Last year North Dakota State University President Dean Bresciani announced plans to inflate his school’s enrollment to 18,000 students – a nearly 25 percent increase in the next five years for a school where enrollment grew less than 1 percent to over the previous five years.
The idea wasn’t exactly greeted with enthusiasm from his superiors. North Dakota University System Chancellor Mark Hagerott gently echoed the sentiments of state lawmakers by suggesting that NDSU might have better priorities like retention and graduation rates for the students the school already has.
Bresciani responded with a forceful column in the state’s newspapers dismissing both Hagerott and state lawmakers. “At North Dakota State University, we’ve heard the message loud and clear and will do our part by raising enrollment to 18,000 students over the next five years,” he wrote.
Note the use of the word “will.” As in, NDSU is going ahead despite the reservations of Hagerott and state lawmakers.
And they are going ahead. This week Bresciani pushed a new $40 million dormitory project on the State Board of Higher Education, and part of the justification is the achievement of that aggressive enrollment goal. If they’re going to pack more students on campus, then those students will need somewhere to live.
Yet this passage from the Fargo Forum report on the dormitory plan caught my eye:
Bresciani announced in October a goal of growing enrollment to 18,000 students by 2020, up from about 14,500 students last fall. Since then, the city has seen a surge of developers planning student-oriented apartment buildings in the areas surrounding NDSU, often to the dismay of nearby residential neighborhoods.
Granted, building the dormitory on-campus would mean fewer students to be customers for the housing these developers want to build. Indeed, some of the criticism of the development has made the point that NDSU ought to build more on-campus housing.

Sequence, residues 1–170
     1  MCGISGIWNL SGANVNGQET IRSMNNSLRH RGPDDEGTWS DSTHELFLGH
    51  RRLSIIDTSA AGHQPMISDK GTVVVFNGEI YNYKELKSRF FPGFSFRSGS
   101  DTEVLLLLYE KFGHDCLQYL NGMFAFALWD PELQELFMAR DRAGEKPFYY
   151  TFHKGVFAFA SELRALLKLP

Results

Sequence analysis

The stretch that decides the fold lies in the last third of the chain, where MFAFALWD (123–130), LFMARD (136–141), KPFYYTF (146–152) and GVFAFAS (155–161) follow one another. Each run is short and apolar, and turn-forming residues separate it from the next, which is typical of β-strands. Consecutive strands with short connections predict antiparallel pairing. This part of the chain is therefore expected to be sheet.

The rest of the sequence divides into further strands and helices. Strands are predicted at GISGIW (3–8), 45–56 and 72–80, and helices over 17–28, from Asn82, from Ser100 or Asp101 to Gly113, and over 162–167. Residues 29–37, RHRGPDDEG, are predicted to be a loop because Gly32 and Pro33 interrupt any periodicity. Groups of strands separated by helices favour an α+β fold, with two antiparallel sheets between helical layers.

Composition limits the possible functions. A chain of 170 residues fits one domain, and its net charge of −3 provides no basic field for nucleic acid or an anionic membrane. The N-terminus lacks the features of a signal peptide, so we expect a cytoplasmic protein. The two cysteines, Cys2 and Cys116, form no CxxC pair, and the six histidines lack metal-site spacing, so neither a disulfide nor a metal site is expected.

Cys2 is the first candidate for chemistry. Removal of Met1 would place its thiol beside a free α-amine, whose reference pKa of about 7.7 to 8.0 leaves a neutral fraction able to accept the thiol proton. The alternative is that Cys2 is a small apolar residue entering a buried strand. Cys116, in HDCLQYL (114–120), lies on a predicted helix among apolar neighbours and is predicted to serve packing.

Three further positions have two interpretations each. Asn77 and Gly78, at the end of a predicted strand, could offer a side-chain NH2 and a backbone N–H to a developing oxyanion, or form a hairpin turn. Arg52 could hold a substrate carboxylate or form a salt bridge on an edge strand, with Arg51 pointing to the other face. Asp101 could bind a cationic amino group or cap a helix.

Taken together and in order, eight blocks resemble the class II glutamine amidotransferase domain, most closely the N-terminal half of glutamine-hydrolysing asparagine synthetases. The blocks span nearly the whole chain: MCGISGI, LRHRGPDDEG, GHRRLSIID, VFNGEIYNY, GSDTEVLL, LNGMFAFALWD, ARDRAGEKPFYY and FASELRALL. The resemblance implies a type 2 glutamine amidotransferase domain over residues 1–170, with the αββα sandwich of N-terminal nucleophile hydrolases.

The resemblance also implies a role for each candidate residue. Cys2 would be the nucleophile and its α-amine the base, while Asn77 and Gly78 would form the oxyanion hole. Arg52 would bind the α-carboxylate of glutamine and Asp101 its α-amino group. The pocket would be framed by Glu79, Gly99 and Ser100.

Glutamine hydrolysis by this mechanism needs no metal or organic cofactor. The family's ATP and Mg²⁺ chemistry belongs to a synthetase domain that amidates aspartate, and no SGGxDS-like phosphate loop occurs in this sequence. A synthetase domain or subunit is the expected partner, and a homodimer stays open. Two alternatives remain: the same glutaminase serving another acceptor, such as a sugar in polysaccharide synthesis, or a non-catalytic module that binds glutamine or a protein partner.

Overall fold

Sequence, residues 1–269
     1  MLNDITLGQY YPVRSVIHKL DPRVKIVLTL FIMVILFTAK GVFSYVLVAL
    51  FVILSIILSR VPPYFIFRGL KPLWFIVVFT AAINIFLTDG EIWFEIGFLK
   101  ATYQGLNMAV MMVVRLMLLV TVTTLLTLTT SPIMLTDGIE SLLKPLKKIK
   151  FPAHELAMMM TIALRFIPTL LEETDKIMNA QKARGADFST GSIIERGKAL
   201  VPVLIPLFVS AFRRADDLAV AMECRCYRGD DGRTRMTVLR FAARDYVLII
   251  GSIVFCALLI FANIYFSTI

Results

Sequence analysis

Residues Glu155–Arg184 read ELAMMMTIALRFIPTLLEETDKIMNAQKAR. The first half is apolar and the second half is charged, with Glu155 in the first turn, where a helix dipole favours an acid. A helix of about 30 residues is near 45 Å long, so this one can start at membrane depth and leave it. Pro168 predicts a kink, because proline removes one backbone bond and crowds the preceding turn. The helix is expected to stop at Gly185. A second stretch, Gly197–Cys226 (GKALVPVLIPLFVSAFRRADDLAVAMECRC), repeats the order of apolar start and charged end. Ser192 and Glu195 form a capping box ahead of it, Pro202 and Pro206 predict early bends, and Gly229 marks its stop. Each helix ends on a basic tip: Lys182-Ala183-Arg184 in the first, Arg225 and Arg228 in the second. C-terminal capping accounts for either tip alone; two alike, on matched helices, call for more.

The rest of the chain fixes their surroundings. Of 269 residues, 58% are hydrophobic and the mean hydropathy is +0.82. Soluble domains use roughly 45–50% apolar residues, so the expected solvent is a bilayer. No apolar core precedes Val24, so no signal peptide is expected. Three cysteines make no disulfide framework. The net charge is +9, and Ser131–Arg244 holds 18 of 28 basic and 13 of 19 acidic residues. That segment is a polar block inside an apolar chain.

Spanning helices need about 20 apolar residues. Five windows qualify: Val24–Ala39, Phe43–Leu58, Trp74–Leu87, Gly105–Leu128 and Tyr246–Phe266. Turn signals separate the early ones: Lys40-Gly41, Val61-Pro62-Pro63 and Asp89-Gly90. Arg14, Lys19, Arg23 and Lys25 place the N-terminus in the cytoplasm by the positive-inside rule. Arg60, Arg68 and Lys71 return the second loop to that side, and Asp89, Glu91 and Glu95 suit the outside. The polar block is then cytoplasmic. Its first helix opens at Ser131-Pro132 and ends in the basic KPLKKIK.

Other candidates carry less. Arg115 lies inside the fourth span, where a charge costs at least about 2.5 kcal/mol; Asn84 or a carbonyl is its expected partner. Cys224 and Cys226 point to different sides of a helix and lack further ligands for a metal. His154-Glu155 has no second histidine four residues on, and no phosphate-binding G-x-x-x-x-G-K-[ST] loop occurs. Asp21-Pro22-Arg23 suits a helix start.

I don’t know if that’s a valid point or not, but the larger question here is Bresciani’s motivations for packing more students onto campus. Is it really about what’s best for the institution? Or this just a way to bring more students to Fargo to eat in the restaurants and rent apartments and go shopping in the stores?
Keep in mind that NDSU isn’t, in the aggregate, doing all that great of a job with the students it already has. According to the Chronicle of Higher Education, NDSU graduates less than a quarter of its first-time, full-time students in four years and just roughly half of them after six years. For a four year degree.
Yes, a lot of those students end up going to other institutions. No, that is not a valid defense of NDSU’s track record:
NDSU also has hundreds of millions of dollars worth of neglected maintenance. Some buildings are in such poor shape they’ve become safety hazards.
The new dormitory allegedly wouldn’t require any state funding, the Forum reports. But that makes no difference. NDSU has a maintenance issues with its existing buildings and a track record of academic mediocrity.
Those issues need to be addressed before the school builds more buildings and enrolls more students.